PHR congratulates the 20 medics who graduated from the Free Burma Rangers (FBR) Jungle Medical School last week. This is the first class to graduate from the newFBR training facility inside Karen State, Burma.
The students spent one year at the school observing in aclinic and attending lectures on the anatomy, physiology, pathophysiology,signs and symptoms and diagnoses of the diseases they saw in the clinic.
“This focused the curriculum on the common things thestudents would see as medics. It also taught them how to deal with theproblem with the resources we can get in that environment,” Dr Mitch Ryan, alecturer at the school, told PHR.
The students followed a rigorous schedule that started atdaybreak. In addition to clinical training, they had physical fitness training,worked on the hospital compound, visited patients in the clinic and in thehospital, cooked, carried food, ported supplies into the remote camp, andstudied. According to Dr. Ryan, the students were very motivated–many ofthem had a family member who suffered or sometimes died because there was no medicalcare available in their village.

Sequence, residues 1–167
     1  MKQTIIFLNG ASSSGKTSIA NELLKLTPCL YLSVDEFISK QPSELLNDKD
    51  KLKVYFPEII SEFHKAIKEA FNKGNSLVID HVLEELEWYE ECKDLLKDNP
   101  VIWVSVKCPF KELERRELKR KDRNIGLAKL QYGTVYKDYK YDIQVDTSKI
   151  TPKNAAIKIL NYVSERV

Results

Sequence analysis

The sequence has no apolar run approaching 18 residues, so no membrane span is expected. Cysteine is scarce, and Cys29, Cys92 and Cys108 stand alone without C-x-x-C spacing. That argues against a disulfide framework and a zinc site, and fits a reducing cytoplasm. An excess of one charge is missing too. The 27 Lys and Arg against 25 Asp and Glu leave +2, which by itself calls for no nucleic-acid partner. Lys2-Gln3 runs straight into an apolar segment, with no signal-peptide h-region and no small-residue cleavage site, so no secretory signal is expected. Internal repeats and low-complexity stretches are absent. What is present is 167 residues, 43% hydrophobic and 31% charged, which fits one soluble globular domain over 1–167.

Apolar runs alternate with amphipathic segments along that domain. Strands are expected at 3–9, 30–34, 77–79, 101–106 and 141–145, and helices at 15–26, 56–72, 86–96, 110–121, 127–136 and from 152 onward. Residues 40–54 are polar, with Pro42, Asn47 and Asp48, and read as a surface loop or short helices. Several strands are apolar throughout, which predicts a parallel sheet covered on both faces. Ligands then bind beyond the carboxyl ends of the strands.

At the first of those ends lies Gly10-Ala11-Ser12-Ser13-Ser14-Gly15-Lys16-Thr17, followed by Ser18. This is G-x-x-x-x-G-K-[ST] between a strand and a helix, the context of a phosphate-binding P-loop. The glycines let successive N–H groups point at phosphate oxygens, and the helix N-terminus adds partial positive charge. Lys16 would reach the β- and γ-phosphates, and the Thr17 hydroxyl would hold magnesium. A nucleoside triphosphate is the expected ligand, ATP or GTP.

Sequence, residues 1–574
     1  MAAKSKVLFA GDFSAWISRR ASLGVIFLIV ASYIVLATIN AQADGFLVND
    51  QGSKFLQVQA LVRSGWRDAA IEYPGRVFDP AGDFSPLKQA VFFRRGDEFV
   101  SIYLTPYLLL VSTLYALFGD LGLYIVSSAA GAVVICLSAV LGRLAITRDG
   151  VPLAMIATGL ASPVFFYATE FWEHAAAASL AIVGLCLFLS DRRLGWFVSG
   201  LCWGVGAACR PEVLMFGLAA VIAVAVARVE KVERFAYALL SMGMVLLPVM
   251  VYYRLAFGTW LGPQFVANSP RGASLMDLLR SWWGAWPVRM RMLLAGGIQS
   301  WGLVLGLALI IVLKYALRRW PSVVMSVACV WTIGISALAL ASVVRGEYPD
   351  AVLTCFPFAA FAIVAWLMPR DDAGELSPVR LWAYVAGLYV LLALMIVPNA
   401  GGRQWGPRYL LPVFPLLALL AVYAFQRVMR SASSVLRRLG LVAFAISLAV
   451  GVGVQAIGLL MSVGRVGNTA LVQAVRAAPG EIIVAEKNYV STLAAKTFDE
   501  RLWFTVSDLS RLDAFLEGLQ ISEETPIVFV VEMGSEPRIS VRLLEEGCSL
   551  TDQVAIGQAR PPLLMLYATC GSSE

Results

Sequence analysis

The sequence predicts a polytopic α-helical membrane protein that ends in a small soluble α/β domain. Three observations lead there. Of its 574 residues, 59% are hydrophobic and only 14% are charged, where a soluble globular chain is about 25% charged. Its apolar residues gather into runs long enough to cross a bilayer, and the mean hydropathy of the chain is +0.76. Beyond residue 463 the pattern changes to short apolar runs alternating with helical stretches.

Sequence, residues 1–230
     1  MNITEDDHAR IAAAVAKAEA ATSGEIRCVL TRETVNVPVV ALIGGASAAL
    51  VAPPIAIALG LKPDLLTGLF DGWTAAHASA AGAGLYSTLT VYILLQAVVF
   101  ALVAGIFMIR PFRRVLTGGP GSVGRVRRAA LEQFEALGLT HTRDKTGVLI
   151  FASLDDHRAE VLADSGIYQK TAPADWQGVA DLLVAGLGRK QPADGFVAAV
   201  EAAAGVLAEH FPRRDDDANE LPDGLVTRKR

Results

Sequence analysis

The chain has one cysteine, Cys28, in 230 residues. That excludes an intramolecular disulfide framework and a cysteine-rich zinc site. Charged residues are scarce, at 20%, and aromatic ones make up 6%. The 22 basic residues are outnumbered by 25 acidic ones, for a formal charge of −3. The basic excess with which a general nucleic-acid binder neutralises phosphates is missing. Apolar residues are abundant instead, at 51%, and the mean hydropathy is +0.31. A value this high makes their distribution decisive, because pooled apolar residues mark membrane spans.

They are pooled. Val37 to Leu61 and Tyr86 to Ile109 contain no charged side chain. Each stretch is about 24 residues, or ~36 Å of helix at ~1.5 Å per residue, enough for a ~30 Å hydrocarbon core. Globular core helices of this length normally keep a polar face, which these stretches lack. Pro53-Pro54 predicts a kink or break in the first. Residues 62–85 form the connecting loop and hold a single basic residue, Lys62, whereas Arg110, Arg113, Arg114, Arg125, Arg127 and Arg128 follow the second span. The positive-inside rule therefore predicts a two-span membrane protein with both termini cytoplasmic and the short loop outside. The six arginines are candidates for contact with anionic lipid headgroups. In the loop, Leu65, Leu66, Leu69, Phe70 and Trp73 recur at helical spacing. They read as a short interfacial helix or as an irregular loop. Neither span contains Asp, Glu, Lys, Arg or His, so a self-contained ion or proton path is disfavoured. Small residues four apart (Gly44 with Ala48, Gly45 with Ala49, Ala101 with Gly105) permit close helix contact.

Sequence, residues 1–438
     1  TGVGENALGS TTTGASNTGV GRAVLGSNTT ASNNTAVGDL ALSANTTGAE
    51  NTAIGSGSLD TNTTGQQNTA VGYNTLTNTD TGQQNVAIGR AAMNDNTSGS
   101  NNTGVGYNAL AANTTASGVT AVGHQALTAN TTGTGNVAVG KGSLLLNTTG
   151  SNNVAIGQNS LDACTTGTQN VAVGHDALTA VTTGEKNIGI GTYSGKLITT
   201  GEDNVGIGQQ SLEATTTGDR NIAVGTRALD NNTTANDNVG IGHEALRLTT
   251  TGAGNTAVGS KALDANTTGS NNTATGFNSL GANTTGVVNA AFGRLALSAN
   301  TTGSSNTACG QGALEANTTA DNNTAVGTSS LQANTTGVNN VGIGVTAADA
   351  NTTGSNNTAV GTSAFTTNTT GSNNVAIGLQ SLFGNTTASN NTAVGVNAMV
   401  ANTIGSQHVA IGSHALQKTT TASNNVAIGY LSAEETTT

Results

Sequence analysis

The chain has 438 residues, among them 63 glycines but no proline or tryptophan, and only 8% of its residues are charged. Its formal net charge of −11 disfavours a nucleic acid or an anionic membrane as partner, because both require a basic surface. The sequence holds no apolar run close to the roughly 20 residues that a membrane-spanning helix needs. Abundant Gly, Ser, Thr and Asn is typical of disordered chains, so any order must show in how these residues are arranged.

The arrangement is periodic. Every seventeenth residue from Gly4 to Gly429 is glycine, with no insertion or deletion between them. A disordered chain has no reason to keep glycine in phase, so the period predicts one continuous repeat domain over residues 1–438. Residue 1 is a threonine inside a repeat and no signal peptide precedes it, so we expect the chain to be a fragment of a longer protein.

The new medics will be addressing a tremendous need. Civilwar has been raging in Karen State for over 60 years and has had devastatingeffects on civilians’ health there. In addition to trauma from landmines andfighting, people suffer from malaria, malnutrition, diarrhea and even elephantiasis. These diseases can be prevented and treated in peacefulsettings with functioning health systems, but this is far from the case inKaren State.
The Burmese government has invested almost nothing inclinics in rural areas, and several community-based organizations, includingFBR, have educated medics and opened clinics to serve the people there. FBR andother organizations serve hundreds of thousands of ethnic minority peoples inremote areas, and the Jungle Medical School will help to expand the capacity ofcommunity groups working to provide healthcare in rural Burma. PHR applaudsthese efforts to fulfill the right to health and calls on the internationalcommunity to continue its support for these groups.